Virus boosts CU sales faster than MERS didFace masks and other popular products for defense against the coronavirus are selling faster than during earlier outbreaks, according to CU convenience stores in Korea.
The retailer compared revenues from the sale of masks, hand sanitizers, mouthwash, health supplements, lunch boxes and fresh fruit during the Jan. 20 to Feb. 16 period and the May 20 to June 16, 2015, period, when Korea was fighting the Middle East respiratory syndrome (MERS) outbreak.
In the 2015 outbreak, 186 people were confirmed infected, and 38 people died.
According to the convenience store’s analysis, mask sales in the recent period were 67.6 percent higher than in the 2015 period.
Hand sanitizer sales were up 30.2 percent, while mouthwash sales increased 18.9 percent. The sale of pharmaceuticals at the convenience stores, like cold medicines and fever remedies, increased by 57.2 percent.
The fastest sale increases were for products that contain ingredients like ginseng, vitamins and probiotics.
Sales in this category were up more than ninefold from the 2015 period.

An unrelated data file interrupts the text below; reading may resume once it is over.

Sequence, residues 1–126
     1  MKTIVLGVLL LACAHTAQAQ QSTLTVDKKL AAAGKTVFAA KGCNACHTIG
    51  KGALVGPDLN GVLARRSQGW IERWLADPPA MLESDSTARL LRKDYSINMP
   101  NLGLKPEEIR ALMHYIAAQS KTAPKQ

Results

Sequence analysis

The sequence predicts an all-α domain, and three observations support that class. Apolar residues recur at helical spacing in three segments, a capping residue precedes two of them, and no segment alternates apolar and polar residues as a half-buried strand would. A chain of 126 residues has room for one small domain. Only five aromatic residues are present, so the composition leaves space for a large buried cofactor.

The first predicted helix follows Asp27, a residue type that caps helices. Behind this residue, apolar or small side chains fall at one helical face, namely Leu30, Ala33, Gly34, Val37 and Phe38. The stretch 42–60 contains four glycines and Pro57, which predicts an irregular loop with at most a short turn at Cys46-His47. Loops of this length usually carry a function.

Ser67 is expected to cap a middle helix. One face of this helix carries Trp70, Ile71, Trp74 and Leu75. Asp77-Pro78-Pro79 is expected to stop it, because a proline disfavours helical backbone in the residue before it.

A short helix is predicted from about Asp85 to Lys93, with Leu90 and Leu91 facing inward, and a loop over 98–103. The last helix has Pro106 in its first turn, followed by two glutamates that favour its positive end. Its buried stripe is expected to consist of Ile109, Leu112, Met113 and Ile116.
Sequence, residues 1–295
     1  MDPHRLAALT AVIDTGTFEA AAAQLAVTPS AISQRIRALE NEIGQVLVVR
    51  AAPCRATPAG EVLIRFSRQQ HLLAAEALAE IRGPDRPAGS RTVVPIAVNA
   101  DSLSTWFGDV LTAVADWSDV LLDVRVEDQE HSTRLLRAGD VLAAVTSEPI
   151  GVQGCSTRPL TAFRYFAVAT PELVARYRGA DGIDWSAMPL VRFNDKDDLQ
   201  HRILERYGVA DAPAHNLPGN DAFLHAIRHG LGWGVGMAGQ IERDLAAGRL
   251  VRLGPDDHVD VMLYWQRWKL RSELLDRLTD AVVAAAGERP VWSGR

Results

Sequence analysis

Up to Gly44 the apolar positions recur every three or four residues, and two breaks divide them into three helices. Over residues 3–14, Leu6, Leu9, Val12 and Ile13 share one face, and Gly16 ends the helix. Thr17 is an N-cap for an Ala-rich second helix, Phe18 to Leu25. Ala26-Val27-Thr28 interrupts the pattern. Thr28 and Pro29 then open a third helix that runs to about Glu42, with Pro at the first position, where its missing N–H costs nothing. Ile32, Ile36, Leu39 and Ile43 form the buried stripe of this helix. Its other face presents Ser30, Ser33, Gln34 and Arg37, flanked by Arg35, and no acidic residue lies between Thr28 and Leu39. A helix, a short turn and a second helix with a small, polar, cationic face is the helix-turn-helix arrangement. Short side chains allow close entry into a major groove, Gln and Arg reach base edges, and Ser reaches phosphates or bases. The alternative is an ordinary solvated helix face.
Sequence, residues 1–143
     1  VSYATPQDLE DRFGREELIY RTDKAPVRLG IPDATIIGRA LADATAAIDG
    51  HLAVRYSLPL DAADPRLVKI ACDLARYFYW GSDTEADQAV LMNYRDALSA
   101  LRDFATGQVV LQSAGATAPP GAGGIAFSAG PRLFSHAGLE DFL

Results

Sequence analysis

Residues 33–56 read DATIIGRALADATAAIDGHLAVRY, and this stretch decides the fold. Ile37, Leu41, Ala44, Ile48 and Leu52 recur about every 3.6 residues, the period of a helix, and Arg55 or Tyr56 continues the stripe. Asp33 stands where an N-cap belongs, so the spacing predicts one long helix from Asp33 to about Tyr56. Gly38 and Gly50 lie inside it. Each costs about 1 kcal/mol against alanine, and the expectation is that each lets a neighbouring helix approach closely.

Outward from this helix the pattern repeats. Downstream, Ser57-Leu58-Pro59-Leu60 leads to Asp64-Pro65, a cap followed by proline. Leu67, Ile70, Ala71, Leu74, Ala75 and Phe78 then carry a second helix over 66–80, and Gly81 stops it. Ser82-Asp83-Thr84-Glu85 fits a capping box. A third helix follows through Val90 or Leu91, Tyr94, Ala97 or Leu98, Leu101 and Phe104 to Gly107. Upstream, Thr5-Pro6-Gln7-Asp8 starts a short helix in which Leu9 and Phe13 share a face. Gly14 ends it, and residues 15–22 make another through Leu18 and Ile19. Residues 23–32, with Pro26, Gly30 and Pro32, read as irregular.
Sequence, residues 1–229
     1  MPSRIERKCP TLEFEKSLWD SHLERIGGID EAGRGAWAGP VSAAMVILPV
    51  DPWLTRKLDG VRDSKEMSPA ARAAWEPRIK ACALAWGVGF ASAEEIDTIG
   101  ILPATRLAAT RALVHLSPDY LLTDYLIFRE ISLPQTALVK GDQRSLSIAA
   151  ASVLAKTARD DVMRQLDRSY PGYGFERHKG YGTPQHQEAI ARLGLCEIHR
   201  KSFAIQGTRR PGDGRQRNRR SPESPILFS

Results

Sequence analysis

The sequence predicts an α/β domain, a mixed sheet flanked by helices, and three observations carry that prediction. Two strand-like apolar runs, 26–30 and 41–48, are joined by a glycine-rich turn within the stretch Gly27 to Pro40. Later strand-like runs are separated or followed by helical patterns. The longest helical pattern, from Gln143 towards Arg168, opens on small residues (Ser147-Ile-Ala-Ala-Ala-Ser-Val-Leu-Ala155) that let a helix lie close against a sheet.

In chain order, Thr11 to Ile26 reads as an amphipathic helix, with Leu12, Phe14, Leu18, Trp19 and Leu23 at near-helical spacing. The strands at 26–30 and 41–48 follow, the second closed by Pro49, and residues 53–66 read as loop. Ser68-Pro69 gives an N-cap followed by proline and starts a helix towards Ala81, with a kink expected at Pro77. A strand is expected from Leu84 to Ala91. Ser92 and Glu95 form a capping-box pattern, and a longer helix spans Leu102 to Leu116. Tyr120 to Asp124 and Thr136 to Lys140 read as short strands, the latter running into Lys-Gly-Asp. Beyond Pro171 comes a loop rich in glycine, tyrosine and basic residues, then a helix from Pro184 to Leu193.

CU believes that customers were more sensitive to the latest outbreak, already having experienced MERS, which had a mortality rate of 20 percent, and watching the disease spread in China.
“The government was fast to publicize preventive measures, and that created more of a boost in demand for relevant products than MERS,” said Yoon Seok-woo, head of the big data team at CU’s operator BGF Retail.
Apart from the virus-fighting goods, the convenience store also noted an increase in instant food sales, which it believes was due to people refraining from traveling to shopping.
Lunch box sales rose 32.2 percent. Instant side dish sales were up 29 percent, while the sales of fresh ingredients and fruits - which consumers usually buy at supermarkets - increased by 27 percent. Delivery orders jumped 68.5 percent, CU said.
BY SONG KYOUNG-SON [firstname.lastname@example.org]